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Bank failures far outnumber CUs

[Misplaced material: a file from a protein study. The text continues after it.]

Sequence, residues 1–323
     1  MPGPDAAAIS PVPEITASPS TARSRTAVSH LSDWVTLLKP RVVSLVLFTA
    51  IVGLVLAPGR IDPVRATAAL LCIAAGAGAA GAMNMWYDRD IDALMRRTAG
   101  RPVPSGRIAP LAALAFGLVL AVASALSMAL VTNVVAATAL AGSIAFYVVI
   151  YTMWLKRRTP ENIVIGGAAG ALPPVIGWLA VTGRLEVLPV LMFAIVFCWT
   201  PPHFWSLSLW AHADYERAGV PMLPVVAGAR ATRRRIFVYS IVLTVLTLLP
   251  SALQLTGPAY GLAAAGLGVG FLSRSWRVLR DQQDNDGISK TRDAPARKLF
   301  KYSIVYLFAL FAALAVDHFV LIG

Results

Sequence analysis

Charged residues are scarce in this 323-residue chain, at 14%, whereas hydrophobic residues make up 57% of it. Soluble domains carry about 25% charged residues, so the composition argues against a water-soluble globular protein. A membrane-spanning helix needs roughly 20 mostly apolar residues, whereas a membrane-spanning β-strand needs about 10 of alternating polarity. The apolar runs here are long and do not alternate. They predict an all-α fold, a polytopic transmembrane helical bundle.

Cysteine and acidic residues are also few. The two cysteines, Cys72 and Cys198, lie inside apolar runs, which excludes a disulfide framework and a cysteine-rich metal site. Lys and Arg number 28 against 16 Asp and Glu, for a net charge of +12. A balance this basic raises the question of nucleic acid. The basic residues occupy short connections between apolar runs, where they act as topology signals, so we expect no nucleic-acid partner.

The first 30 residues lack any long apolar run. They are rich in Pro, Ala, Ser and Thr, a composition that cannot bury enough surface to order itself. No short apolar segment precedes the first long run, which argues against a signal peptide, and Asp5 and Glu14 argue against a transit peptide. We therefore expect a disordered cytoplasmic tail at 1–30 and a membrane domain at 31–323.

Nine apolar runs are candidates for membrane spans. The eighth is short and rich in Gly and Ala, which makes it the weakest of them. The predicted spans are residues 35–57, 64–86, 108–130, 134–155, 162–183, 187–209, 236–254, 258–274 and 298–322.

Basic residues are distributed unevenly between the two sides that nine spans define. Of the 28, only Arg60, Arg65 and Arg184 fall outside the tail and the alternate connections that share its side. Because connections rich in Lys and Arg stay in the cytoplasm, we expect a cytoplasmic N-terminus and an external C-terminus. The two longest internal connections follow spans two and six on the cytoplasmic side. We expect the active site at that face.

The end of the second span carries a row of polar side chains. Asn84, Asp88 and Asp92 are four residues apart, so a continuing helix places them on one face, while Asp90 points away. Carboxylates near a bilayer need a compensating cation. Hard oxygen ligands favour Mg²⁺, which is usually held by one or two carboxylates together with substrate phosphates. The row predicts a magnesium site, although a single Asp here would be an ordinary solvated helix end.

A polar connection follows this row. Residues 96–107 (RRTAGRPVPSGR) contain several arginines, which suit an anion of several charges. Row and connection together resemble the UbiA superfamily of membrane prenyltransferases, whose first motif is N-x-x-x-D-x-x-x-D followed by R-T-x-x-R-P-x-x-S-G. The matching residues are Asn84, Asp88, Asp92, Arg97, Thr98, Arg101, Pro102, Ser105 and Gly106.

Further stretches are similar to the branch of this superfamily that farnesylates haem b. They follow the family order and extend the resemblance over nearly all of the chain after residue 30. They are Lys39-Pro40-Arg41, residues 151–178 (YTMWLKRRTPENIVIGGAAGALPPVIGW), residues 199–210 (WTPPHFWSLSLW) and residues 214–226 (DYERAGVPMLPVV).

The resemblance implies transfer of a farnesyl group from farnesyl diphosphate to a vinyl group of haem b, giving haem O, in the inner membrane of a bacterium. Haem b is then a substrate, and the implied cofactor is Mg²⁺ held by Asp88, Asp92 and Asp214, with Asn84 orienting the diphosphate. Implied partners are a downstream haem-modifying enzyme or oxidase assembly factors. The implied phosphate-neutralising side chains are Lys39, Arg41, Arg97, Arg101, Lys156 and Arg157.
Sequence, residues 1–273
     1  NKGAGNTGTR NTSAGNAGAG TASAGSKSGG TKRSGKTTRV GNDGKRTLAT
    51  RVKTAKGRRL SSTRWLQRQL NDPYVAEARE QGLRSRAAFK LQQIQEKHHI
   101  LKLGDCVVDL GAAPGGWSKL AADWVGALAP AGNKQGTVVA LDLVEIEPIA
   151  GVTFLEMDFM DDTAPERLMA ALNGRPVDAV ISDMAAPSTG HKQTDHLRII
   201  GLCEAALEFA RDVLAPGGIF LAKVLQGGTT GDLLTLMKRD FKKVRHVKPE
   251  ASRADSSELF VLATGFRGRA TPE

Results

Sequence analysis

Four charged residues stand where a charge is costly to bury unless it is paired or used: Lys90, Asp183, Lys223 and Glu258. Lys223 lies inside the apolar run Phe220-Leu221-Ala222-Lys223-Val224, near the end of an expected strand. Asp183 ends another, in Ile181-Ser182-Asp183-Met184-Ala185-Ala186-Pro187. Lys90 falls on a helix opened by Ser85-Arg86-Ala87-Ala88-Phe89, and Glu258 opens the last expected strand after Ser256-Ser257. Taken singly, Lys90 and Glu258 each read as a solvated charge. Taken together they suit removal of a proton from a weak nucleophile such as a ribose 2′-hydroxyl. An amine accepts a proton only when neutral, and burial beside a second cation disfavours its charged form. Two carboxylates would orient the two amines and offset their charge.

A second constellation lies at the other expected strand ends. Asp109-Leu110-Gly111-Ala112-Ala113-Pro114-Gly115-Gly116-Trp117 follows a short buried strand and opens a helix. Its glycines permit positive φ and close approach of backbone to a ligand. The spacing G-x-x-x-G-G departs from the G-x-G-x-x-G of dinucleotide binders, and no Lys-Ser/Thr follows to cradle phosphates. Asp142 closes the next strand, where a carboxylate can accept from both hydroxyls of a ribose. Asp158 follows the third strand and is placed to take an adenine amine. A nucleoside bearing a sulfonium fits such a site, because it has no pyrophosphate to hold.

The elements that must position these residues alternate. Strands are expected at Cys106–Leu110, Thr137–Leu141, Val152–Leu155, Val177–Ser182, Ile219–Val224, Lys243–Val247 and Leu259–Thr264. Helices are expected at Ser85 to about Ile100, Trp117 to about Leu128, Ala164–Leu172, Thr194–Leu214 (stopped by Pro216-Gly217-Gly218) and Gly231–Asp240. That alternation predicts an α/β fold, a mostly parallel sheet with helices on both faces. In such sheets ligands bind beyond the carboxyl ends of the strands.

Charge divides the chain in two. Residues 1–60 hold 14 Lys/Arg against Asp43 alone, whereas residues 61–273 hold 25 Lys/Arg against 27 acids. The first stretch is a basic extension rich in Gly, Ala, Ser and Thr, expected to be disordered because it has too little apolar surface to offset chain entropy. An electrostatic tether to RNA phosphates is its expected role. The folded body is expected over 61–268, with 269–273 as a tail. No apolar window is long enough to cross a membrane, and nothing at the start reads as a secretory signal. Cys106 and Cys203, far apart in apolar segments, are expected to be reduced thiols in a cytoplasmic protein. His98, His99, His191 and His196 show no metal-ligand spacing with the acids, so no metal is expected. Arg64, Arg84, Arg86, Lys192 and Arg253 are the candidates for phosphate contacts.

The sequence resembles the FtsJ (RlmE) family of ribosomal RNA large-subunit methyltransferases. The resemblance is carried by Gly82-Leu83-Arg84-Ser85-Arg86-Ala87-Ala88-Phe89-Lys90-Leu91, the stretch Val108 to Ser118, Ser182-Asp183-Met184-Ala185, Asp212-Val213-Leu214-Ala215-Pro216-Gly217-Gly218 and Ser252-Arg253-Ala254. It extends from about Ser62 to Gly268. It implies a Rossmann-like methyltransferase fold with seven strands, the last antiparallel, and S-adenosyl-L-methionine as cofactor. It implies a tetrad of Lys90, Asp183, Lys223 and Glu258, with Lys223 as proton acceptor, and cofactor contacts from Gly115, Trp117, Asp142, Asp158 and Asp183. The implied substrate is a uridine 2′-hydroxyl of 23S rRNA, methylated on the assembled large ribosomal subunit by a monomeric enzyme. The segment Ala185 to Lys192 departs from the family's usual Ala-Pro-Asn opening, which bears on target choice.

WASHINGTON (7/31/09)--The number of bank failures during the first half of 2009 far outnumber credit unions that have closed or been put into conservatorship, according to statistics released by the Federal Deposit Insurance Corp. (FDIC). For the first six months of 2009, roughly 72 institutions--including seven banks from just last weekend--were either closed or taken over by regulators (Bank Info Security July 28). So far this year, failed banks total 64, which is more than double bank closures for the entire year of 2008, when 25 banks were shuttered. Troubled banks so far this year number 305, about double last year's total of 117. Total cost to FDIC's Insurance Fund is $13.553 billion. That compares with eight credit unions shuttered or put into conservatorship this year. That number is on pace with last year's numbers. In 2008, 15 credit unions were placed into conservatorship or were closed. The National Credit Union Administration did not report any impact to the National Credit Union Share Insurance Fund for the eight credit union failures, the article said. Why so few credit union failures? Many aren't exposed to commercial real estate, like banks are, and most are more conservative in their underwriting of loans. Still, they are experiencing some collateral damage from members in financial difficulties due to the4 economy. All of the current bank closures are due to under capitalization or poor loan portfolio performance. And the number of institutions closing due to economic conditions, mortgage and other loan defaults is growing, said Bank Info Security. Studies of banks indicated they have been charging off bad commercial mortgages at the fastest pace in nearly 20 years. Losses at that pace could add up to $30 billion by year end. Many of the most troubled banks have heavy exposure to commercial real estate. The states with the most failures in banks are Georgia with 16 banks, Illinois with 12, California with eight and Florida with three bank failures. Three credit union failures were in hard-hit California. Other states with one credit union failure each are West Virginia, Kansas, Florida, Michigan and Alabama. An interactive map pinpoints where the closures have occurred. Use the link to access the map from
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